The upshot is that members of offshore schemes may have to pay any tax due. But not at a preferred rate; they’ll have to pay tax as if they were employees.
This may mean some liability at the 45% level, plus 2% National Insurance. HMRC are still deciding whether they can get the scheme approved. If they do, the scheme could mean tens of thousands of pounds in up-front payments!
Can I still apply for a mortgage if I’m using an Umbrella Company?
Contractors often ask us which is easier. Getting a mortgage as an Umbrella employee or through their own limited company.
There’s this misconception that contractors using an Umbrella company have an easier time. It’s actually the other way around. Contractors using their own Limited Company have more options than working through an Umbrella.
If you’re using your own Ltd company, you get two bites of the cherry when it comes to applying for a mortgage. To work out your affordability, different lenders will either:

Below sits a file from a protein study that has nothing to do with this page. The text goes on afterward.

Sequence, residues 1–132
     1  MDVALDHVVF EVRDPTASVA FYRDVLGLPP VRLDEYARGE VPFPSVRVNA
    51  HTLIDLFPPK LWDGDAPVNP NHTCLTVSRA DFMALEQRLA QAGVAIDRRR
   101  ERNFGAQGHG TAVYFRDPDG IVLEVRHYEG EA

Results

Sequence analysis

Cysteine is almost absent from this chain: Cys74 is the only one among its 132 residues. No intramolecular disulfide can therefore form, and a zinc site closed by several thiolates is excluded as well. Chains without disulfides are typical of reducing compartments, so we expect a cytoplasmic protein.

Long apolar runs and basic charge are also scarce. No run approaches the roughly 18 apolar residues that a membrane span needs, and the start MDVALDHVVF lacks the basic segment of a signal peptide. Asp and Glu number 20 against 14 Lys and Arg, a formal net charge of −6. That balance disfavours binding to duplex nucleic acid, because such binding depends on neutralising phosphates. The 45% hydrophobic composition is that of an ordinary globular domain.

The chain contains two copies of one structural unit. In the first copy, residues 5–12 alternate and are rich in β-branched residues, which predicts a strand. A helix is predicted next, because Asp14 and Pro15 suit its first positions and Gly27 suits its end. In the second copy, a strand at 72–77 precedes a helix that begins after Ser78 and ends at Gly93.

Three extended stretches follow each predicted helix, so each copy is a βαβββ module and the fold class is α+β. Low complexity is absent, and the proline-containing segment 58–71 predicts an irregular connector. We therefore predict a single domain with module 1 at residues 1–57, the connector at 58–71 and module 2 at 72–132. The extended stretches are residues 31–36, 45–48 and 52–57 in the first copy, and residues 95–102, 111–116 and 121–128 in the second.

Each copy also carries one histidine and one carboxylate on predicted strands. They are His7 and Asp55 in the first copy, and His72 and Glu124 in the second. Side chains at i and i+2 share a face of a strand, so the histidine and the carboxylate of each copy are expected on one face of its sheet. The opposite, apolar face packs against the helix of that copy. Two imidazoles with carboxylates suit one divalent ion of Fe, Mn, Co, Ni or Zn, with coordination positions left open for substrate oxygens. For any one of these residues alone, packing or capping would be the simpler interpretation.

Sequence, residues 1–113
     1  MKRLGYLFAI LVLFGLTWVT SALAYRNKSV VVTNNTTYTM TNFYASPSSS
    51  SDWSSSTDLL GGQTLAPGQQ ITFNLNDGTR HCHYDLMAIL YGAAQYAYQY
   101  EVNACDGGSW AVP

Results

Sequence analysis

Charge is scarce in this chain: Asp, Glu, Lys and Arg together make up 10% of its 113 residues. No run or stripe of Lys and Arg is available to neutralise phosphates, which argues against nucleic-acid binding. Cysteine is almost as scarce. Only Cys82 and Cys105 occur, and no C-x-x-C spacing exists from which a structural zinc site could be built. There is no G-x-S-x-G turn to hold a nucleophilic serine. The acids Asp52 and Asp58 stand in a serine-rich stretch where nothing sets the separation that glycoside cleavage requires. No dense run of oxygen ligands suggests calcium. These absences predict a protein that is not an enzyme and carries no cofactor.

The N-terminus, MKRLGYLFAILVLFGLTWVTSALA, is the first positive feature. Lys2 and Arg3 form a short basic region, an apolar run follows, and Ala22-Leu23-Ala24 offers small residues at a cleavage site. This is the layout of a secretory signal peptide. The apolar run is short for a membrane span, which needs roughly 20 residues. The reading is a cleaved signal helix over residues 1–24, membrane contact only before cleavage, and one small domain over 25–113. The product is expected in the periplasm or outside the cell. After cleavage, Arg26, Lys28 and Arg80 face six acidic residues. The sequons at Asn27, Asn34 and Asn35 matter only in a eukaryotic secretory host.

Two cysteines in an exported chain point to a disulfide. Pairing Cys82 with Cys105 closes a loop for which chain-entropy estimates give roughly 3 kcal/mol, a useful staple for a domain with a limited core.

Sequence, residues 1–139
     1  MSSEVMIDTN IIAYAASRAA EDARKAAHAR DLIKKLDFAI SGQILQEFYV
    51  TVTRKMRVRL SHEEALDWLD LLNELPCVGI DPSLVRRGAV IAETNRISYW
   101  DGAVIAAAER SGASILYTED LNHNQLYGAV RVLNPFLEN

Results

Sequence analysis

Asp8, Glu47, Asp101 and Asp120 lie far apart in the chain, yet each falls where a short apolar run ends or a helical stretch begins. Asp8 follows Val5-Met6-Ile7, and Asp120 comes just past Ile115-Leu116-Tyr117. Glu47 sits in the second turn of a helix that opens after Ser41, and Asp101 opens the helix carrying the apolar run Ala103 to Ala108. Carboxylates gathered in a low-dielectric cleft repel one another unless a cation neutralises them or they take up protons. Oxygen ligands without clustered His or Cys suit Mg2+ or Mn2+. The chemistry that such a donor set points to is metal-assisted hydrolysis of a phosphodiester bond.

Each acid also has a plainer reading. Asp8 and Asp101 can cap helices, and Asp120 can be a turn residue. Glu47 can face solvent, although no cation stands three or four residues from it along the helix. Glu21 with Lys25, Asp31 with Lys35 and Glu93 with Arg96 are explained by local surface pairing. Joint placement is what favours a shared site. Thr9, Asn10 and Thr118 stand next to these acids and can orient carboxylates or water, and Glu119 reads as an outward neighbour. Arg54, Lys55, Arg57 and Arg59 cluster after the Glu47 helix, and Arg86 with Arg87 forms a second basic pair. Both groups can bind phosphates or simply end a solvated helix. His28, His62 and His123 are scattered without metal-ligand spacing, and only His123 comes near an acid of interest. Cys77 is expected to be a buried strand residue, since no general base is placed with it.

- work off your salary and dividend;
- or salary and net profit.
There’s another more contractor friendly route. This entails applying for a contractor mortgage based on your daily rate.
If you use an umbrella company, the lender is likely to ask more questions, not less. Who employs you? Why do your payslips not look like an employee’s payslips?
And believe me, it doesn’t stop there! The reason is that banks fail to grasp that you’re a professional contractor. Albeit one utilising a payroll service as a payment vehicle.